Characterizing Methods for Surveying Partner Nation Medical Capabilities

Alexandra Stone, Eric Regalbuto, Ramey L. Wilson

Research output: Contribution to journalArticlepeer-review

1 Scopus citations


Introduction: Medical capability surveys provide information about how U.S. forces can coordinate with partner nations to leverage partners’ capabilities to deliver care to sick or injured U.S. service members. Rotating forces routinely conduct these surveys. Currently, medical capability surveys are conducted based on individual unit requirements and personnel expertise and stored locally on component-specific sites or individual computers. The lack of a systematic approach and a centralized survey depot may undermine the ability to access previous surveys, leading to redundant surveys and conflicting information, and may have critical implications for force health protection. Partner nation facilities could have capabilities that may be leveraged to care for U.S. service members when U.S. medical care is unavailable. A lack of understanding of medical capabilities at partner nation facilities may undermine the ability to plan missions that mitigate risks. Materials and Methods: This paper presents the results of 12 semi-structured focus groups with representatives from the U.S. Africa Command Surgeon’s office, the U.S. Transportation Command Patient Movement Requirements Center-East, and 9 U.S. Africa Command service components, sub-unified commands, and force providers. The focus group discussions considered questions on the following four topics: (1) methods for conducting surveys, (2) guidance about how to conduct surveys, (3) nodes of care and ancillary services included in surveys, and (4) how medical capability surveys are used to inform medical planning. The team conducted thematic analysis to identify emergent themes and subthemes. Results: The team identified five primary, overarching themes: (1) guidance for conducting medical capability surveys, (2) methods and tools for conducting surveys, (3) content and focus of medical capability surveys, (4) archiving and sharing surveys, and (5) uses of medical capability surveys. Conclusions: Implementing guidance and standardized templates for conducting medical capability surveys could improve the accuracy and completeness of surveys. Templates would likely increase the likelihood that surveyors collect relevant information on key medical capabilities. Training, along with guidance and templates, would provide a common understanding of how to conduct surveys. The lack of a DoD Global Health Engagement collaborative depot for storing and sharing surveys may undermine the ability to access previous surveys to inform future surveys and, thereby, results in inefficiencies in how surveys are conducted. The DoD should consider establishing a collaborative depot for medical capability surveys along with guidance or requirements for uploading surveys. Guidance, templates, training, and a collaborative depot could improve the effectiveness and efficiency of medical planning and thereby increase mission readiness.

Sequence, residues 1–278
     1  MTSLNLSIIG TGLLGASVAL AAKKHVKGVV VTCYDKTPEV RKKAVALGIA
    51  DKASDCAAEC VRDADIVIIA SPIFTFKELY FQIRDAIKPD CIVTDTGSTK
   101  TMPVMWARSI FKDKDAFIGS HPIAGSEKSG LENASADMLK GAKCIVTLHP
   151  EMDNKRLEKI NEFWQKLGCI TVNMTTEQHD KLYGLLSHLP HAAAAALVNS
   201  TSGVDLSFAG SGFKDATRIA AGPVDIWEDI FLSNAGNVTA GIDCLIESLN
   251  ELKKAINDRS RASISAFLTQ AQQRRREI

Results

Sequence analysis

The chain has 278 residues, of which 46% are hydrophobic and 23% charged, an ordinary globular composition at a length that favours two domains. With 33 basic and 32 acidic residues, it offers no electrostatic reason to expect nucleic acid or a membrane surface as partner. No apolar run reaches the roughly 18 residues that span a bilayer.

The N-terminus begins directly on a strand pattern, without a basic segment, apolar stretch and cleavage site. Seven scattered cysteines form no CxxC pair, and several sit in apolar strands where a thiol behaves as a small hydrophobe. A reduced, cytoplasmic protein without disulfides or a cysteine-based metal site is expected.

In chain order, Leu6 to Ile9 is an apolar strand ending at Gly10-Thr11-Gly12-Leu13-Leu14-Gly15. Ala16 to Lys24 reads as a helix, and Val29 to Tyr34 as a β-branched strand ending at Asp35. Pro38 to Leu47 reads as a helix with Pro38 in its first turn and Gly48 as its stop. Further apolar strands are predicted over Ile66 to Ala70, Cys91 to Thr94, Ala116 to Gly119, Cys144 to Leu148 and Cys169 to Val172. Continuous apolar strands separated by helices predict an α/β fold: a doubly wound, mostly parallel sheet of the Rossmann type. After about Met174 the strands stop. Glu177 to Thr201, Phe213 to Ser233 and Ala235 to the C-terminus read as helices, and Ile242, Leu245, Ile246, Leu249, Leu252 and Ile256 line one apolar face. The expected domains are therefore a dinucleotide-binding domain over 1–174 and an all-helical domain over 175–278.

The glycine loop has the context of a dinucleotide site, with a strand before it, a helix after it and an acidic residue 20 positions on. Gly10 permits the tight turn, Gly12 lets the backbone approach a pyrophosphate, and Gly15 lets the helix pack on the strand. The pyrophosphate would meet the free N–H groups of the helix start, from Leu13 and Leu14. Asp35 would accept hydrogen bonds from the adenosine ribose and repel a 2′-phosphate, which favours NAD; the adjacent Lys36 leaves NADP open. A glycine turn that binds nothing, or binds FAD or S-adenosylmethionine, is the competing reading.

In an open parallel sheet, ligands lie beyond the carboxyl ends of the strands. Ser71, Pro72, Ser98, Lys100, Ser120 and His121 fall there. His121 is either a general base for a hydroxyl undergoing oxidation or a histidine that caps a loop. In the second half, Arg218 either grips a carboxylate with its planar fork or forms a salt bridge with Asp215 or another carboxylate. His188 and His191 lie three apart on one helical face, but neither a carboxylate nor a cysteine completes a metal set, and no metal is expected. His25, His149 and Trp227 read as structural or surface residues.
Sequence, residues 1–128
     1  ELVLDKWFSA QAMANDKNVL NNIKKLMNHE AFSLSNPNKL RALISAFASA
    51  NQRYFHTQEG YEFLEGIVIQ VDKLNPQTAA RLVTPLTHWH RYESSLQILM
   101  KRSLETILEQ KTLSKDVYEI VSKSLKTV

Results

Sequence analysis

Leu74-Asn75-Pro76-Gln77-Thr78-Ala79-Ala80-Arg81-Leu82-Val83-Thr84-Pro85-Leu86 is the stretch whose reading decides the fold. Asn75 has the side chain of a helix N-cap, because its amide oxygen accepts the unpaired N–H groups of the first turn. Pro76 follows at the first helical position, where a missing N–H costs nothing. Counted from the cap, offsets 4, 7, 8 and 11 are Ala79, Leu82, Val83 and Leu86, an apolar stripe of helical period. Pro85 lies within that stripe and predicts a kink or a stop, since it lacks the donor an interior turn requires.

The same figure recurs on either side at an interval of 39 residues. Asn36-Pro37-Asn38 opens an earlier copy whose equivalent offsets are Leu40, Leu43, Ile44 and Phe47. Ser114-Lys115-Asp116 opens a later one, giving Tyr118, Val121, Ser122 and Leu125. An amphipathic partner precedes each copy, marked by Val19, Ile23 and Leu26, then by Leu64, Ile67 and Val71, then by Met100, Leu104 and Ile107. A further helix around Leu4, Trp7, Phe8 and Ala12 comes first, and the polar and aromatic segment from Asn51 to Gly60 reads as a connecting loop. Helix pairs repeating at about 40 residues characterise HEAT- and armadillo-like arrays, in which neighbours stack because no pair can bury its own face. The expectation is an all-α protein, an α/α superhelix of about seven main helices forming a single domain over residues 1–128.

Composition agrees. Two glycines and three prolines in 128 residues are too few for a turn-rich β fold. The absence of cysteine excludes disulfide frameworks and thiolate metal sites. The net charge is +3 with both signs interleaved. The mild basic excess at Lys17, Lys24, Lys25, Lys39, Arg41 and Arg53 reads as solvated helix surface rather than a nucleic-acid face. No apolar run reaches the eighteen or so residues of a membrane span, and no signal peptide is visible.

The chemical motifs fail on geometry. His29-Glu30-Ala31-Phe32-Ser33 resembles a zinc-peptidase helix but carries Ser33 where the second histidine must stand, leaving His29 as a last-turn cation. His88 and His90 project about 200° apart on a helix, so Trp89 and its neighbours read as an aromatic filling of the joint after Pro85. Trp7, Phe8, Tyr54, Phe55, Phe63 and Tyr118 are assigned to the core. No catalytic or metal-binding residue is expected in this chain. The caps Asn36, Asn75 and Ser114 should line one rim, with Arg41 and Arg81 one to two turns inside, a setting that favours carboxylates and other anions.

Original languageEnglish
Pages (from-to)E2249-E2256
JournalMilitary Medicine
Issue number7-8
StatePublished - 1 Jul 2023
Externally publishedYes


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